Now on to my review, and I will make it short. As we know there is another X-Men movie coming in the future in which Hugh Jackman will be involved, it is not surprising that The Wolverine works to fill in some of the gap between X-Men 3 and the movie to come. I think the fact Logan was still dealing with the events in The Last Stand was something we needed to see, as I felt it was missed in that film, and a great motivation for the character’s search for resolutions in this film. Logan gets away from brooding over the past and becomes a character weighing the future, which ultimately gives him reason to go on as he comes to accept and embrace who and what he is. The bridge created from this movie to the next keeps Brian Singer from spending too much time on Logan and plenty of time to get into events of his new film.
The Wolverine is a more intimate story than any other superhero movie I can remember in a while. The Fox studio has a tendency to muddle up the mutant franchise continuity, so to focus on one character with one story was a great change of pace without bringing in a supporting cast of misplaced characters. Hugh Jackman shows his love for Wolverine and, even with other flaws in the film, solidifies the characterization, making the movie a success. The first two thirds of the movie are straight out of the Claremont-Miller Japan story, and the last third an amped up battle, I feel, straight off any other comic book page. In the end, the villain comes full circle as well as Wolverine’s own resolution, similar to what I feel happened for Obadiah Stane and Tony Stark during the climax of the first Iron Man movie.
The drama within the ranks of the Yashida family give the movie an unsettling feeling as to whom to root for, all against the always interesting backdrop of the Japanese culture and environment. All of the actors representing Japanese characters did an excellent job, especially Logan’s love interest, who I will not spoil here. The only character complaint I have is with Viper, who always seem to have truncated, oddly edited scenes, so perhaps a different actress would have worked better. She also is given abilities she does not have in the comics although for this type of lower scale character this did not bother me. It was close enough that the addition of powers seemed to make sense in Fox’s version of the mutant universe. One scene I wish would have went on longer was the fight between Wolverine and the ninjas, which seemed to be cut short as well, as I felt I had noticed shots in the trailer that I did not get in the final film. Definitely more Logan versus ninjas would not have hurt. Perhaps an extended edition will reveal more.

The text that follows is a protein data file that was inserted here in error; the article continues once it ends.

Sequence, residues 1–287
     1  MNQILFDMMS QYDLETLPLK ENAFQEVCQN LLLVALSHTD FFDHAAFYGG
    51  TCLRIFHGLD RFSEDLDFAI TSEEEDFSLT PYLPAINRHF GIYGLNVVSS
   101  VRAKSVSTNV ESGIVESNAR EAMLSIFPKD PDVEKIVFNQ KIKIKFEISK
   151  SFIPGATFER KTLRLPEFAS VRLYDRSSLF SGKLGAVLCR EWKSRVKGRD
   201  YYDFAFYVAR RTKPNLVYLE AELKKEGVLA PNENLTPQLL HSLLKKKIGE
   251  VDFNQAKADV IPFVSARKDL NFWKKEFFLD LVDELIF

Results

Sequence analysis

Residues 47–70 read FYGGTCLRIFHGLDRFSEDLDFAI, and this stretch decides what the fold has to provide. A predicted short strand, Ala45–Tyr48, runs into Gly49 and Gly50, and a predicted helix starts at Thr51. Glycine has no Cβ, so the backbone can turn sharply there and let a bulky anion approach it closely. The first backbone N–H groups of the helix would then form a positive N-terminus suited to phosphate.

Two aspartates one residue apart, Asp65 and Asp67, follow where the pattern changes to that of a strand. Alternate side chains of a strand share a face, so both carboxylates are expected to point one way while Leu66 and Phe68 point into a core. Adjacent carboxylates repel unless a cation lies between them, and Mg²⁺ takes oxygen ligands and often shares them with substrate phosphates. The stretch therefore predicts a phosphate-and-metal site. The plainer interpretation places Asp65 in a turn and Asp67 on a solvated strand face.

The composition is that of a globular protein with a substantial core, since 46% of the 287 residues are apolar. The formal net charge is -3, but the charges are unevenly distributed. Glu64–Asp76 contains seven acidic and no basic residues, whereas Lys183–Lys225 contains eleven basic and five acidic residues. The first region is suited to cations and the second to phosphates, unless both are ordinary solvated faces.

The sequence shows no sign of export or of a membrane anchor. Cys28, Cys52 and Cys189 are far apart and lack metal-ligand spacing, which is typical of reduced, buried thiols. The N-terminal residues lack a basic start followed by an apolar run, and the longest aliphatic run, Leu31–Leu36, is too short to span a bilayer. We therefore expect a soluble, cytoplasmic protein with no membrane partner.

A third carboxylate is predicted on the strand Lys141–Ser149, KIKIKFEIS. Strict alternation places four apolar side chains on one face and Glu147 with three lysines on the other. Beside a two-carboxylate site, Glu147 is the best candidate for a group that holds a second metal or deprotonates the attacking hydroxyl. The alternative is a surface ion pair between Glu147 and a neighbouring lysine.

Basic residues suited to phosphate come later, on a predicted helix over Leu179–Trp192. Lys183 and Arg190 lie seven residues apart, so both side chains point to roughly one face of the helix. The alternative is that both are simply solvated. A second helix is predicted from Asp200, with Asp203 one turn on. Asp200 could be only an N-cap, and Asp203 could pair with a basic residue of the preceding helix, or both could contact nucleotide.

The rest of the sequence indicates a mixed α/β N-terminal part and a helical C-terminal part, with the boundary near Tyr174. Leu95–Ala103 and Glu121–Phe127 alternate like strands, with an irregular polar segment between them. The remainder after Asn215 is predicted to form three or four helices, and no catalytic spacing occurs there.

Overall I think it is a worthy addition to the comic book movie hall of fame and thoroughly enjoyable. As much as we have seen him play the character, Hugh Jackson still brings a lot of life to The Wolverine. That combined with an interesting story, some great action sequences, and the extra scene during the credits, make the movie a great watch. The film is as close as we may get to the seminal Wolverine movie, and is so much better than Wolverine Origins (which I usually do not even acknowledge) that we should all go to let this one wash out the bad taste that one left behind. If at all possible, see this film in the theaters so your ticket booth vote is counted and more comic book movies keep coming. That is all I want, for them to continue, and if they are all at least this good, then we will have a lot to enjoy in the future.
My Grade: A- (possibly graded on a scale) – And the minus is mainly for the foul language kept in the film for no reason.